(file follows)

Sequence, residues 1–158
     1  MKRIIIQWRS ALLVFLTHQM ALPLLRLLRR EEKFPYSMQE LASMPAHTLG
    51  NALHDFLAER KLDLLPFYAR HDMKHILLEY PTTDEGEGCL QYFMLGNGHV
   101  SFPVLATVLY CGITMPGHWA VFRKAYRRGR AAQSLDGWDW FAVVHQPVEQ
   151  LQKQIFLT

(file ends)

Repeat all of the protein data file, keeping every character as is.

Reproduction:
Sequence, residues 1–158
     1  MKRIIIQWRS ALLVFLTHQM ALPLLRLLRR EEKFPYSMQE LASMPAHTLG
    51  NALHDFLAER KLDLLPFYAR HDMKHILLEY PTTDEGEGCL QYFMLGNGHV
   101  SFPVLATVLY CGITMPGHWA VFRKAYRRGR AAQSLDGWDW FAVVHQPVEQ
   151  LQKQIFLT